Incidence and risk factors of exercise-related knee disorders in young adult men
Harri K. Pihlajamäki,
Mickael C. Parviainen,
Hannu Kautiainen and
BMC Musculoskeletal DisordersBMC series –
Published: 7 August 2017
Open Peer Review reports
Musculoskeletal disorders and injuries are common causes of morbidity and loss of active, physically demanding training days in military populations. We evaluated the incidence, diagnosis, and risk factors of knee disorders and injuries in male Finnish military conscripts.
The study population comprised 5 cohorts of 1000 men performing their military service, classified according to birth year (1969, 1974, 1979, 1984, and 1989). Follow-up time for each conscript was the individual conscript’s full, completed military service period. Data for each man were collected from a standard pre-information questionnaire used by defense force healthcare officials and from all original medical reports of the garrison healthcare centers. Background variables for risk factor analysis included the conscripts’ service data, i.e., service class (A, B), length of military service, age, height, weight, body mass index (BMI), underweight, overweight, obesity, smoking habit, education, diseases, injuries, and subjective symptoms.
Of the 4029 conscripts, 853 visited healthcare professionals for knee symptoms during their military service, and 103 of these had suffered a knee injury. Independent risk factors for the incidence of knee symptoms were: older age; service class A; overweight (BMI 25.0–29.9 kg/m2); smoking habit; comprehensive school education only; and self-reported previous symptoms of the musculoskeletal, respiratory, and gastrointestinal system. The majority of visits to garrison healthcare services due to knee symptoms occurred during the first few months of military service. Knee symptoms were negatively correlated with self-reported mental and behavioral disorders.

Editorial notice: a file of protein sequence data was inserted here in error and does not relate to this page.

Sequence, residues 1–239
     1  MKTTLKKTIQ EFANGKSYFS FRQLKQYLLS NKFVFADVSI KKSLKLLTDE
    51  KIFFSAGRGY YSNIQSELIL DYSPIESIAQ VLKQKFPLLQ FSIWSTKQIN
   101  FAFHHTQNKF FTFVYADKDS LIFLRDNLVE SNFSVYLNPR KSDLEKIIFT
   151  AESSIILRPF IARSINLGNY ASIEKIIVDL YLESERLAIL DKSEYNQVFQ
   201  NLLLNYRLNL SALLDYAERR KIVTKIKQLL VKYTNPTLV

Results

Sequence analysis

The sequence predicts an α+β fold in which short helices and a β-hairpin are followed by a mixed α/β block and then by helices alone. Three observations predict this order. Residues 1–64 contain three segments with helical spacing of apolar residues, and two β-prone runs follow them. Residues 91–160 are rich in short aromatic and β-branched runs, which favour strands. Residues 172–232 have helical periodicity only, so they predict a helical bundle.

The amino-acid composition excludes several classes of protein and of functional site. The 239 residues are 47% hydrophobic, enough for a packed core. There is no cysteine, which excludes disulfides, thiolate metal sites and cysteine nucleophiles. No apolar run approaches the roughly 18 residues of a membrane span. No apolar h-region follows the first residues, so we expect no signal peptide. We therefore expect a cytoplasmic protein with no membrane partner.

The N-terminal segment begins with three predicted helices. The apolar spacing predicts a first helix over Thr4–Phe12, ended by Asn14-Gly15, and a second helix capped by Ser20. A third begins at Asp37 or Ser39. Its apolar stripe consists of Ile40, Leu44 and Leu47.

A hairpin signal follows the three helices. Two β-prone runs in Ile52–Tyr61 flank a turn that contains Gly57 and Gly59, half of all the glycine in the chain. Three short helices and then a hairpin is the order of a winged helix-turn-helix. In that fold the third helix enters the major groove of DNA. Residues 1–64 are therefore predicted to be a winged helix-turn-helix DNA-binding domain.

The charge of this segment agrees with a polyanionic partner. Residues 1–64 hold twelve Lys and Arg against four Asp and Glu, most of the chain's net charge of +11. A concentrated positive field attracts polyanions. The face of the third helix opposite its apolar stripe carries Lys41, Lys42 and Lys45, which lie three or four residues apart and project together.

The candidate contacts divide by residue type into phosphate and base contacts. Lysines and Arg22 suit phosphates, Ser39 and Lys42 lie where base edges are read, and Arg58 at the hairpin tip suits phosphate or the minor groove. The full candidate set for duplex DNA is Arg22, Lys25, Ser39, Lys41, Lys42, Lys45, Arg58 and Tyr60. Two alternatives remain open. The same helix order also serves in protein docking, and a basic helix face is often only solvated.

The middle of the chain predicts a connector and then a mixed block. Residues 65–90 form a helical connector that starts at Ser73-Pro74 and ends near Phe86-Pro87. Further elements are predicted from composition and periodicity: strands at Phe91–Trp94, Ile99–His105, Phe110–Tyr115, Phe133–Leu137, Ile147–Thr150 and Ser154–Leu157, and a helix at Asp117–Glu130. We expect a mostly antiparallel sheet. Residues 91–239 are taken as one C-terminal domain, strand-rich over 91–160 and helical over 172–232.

The present study highlights the frequency of knee disorders and injuries in young men during physically demanding military training. One-fifth of the male conscripts visited defense force healthcare professionals due to knee symptoms during their service period. Independent risk factors for the incidence of knee symptoms during military service were age at military service; military service class A; overweight; smoking habit; comprehensive school education only; and self-reported previous symptoms of the musculoskeletal system, respiratory system, or gastrointestinal system. These risk factors should be considered when planning and implementing procedures to reduce knee disorders and injuries during compulsory military service.
Director of Bartold Gold